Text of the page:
Blue Ridge Parkway – Day 1 (or, Bates Motel Revisited)

The Blue Ridge Parkway is a 469 mile long national park that runs through Virginia and North Carolina.  Today we covered about 25 miles of it.  We had a 4 hour drive from home to reach the area first; all pretty uneventful except for the sight of a car randomly careering across the road right in front of me into a crash barrier, and that was only about 2 miles from home.  Thankfully it quietened down a lot after that.

We entered the Parkway at the James River Visitor Center and picked up lots of useful information from an incredibly lovely Park Ranger who gave us many suggestions of places to visit along the route.  We didn’t have a lot of time today so we made our way straight to Sharp Top Mountain which is 3875 feet high and has spectacular views all around from its summit.  Being short on time we opted to take the bus to the top and then walk (stumble/slide) back down.   Imagine a chunky minibus being controlled by a slightly unhinged driver on a very steep, very narrow, VERY bendy mountainside.  We had a few Italian Job moments, I can tell you.  The driver has been doing the same trip every hour for 8 hours a day, six months of the year for the past 11 years and has now covered 107,000 miles.  No wonder he’s a little deranged (but also pretty skilled at navigating the road, it has to be said).

On departing the bus, we had a short walk up to the summit of the mountain and were rewarded with some amazing views on a lovely clear and bright day.  It may be October but it was still really warm up there in the sunshine.  We also had the dubious pleasure of sharing the summit with “two old hippies playing some didgeridoos” as one of our fellow travelers so eloquently put it.  You haven’t truly lived until you have looked out into the distance while feeling like you’re actually in the dentist’s waiting room listening to Abba played on panpipes.  It was certainly a special moment.

It took about an hour to walk back down the mountain, although at a couple of points I thought I was going to take the very quick route straight down the side, not necessarily through choice.

In the UK, the only place that complete strangers say hello to each other is when they are out on a walk in the countryside.  In the USA, complete strangers say hello all the time, on every street wherever you are, which we are just about getting used to (although I was slightly perturbed the other day when a man told me “I like your pants”.  Fortunately that does at least mean trousers, not undercrackers, in the USA.  I think even he realized he was being a bit too forward, as he then apologized and said he only meant he liked the colour (they were teal, FYI).   I just smiled and kept on walking.).   Anyway, in the countryside, they take this friendliness up a notch and so today we had countless people saying “excuse me” and “sorry” and “thank you very much” every time they passed us on the trail.  Which was quite a lot, as it’s a busy old place.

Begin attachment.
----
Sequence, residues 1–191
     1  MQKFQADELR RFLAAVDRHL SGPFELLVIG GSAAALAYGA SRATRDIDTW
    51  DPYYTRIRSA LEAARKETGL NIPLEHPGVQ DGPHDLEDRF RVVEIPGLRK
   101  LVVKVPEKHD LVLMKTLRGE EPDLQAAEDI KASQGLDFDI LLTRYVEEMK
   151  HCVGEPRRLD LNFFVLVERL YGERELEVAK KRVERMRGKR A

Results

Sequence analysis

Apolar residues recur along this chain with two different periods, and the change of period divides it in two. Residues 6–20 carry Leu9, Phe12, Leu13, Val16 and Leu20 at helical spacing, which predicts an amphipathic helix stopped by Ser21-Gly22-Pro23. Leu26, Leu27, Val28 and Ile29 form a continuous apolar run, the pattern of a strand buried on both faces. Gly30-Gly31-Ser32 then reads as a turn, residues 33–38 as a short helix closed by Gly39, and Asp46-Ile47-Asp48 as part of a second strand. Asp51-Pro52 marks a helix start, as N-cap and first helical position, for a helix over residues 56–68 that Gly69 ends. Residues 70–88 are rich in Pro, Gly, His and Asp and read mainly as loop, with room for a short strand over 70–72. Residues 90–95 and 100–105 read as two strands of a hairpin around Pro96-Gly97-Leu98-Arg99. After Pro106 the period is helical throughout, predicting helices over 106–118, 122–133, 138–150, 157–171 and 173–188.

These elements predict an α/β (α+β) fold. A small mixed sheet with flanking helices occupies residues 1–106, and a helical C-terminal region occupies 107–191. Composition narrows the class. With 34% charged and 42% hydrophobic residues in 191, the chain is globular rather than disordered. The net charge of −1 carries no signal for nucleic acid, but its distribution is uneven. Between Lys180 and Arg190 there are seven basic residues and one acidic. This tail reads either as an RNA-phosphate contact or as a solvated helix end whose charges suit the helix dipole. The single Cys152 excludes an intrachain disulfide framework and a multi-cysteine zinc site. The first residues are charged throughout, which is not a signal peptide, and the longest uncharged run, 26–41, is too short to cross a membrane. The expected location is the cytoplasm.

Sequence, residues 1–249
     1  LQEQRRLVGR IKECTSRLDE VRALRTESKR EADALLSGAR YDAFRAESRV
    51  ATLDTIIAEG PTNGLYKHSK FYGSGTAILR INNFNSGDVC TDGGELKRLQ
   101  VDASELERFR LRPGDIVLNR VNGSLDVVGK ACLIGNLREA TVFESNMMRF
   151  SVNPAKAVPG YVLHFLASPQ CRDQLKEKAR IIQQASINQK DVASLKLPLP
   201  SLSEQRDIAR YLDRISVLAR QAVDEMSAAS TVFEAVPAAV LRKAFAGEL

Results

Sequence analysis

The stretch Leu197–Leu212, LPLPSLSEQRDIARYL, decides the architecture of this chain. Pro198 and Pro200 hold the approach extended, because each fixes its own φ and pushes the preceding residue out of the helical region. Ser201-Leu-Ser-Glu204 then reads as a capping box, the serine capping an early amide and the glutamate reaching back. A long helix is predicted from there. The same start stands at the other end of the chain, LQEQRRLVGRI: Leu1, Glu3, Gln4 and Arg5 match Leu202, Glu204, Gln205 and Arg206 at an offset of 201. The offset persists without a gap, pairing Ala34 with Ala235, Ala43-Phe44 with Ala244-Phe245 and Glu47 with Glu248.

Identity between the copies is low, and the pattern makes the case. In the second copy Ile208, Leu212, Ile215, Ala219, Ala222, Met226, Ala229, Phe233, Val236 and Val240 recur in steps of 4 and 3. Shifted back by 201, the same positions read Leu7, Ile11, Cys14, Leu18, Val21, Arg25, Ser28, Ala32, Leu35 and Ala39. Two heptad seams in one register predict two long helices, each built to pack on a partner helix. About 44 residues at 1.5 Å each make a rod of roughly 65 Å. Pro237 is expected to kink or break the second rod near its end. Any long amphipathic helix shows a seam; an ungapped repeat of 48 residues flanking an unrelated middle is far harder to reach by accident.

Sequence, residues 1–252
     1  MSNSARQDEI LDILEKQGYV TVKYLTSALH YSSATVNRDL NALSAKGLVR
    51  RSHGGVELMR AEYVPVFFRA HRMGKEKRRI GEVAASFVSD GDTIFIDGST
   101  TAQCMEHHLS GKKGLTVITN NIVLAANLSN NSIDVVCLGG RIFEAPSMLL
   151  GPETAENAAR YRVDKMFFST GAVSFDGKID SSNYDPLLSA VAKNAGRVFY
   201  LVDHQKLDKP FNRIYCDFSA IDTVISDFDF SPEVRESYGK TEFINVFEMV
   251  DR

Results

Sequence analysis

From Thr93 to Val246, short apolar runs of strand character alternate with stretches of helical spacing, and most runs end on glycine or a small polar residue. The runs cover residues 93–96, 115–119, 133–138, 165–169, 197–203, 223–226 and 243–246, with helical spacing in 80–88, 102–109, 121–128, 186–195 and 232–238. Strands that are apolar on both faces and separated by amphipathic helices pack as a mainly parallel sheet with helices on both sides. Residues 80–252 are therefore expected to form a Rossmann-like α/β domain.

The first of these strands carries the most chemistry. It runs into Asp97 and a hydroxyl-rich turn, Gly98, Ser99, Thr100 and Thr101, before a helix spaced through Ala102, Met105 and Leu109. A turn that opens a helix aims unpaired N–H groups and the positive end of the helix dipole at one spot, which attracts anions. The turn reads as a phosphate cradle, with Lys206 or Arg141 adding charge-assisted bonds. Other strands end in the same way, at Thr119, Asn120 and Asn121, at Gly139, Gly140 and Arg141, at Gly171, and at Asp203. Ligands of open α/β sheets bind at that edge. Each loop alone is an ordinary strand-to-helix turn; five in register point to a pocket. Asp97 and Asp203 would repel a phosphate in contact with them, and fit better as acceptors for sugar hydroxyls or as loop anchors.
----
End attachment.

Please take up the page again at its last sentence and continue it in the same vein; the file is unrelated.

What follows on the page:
We saw a couple more friendly helpful Park Rangers on our way around, including one who was wearing a corn snake as a kind of living serpentine scarf (very lovely it was too).  No encounters with bears today (the husband is desperate for an ursine encounter) except for the bearskin in one of the nature trail huts.  Oh but we did see a squashed antelope (well, some kinda deer thing) on the highway.  Reckon the car would have come off almost as badly in that encounter.

After a really nice dinner in Pizza Hut (great waitress, you get free refills as standard in this country but she even gave me an extra one to take home, I loved her!  I think the tiredness was seriously kicking in by this point) we checked into our motel for the night.  We had already booked hotels for the next three nights but at the last minute we decided to come a day early so yesterday we booked a one star motel online, one of those “we don’t show you the name until after you’ve booked” affairs.  Well it feels rather Bates Motel and I am definitely not getting into the shower, that’s for sure.  On the plus side, we have two double beds and, bizarrely, two microwaves, plus a “vintage” TV.  And free wifi, which was unexpected.  Oh and an outdoor pool.  It’s still pretty warm here but perhaps not bathing weather.  Actually it’s not a bad place, certainly not for the money we paid, and it’s only for one night as we’re off on our travels again in the morning.  Nighty night.

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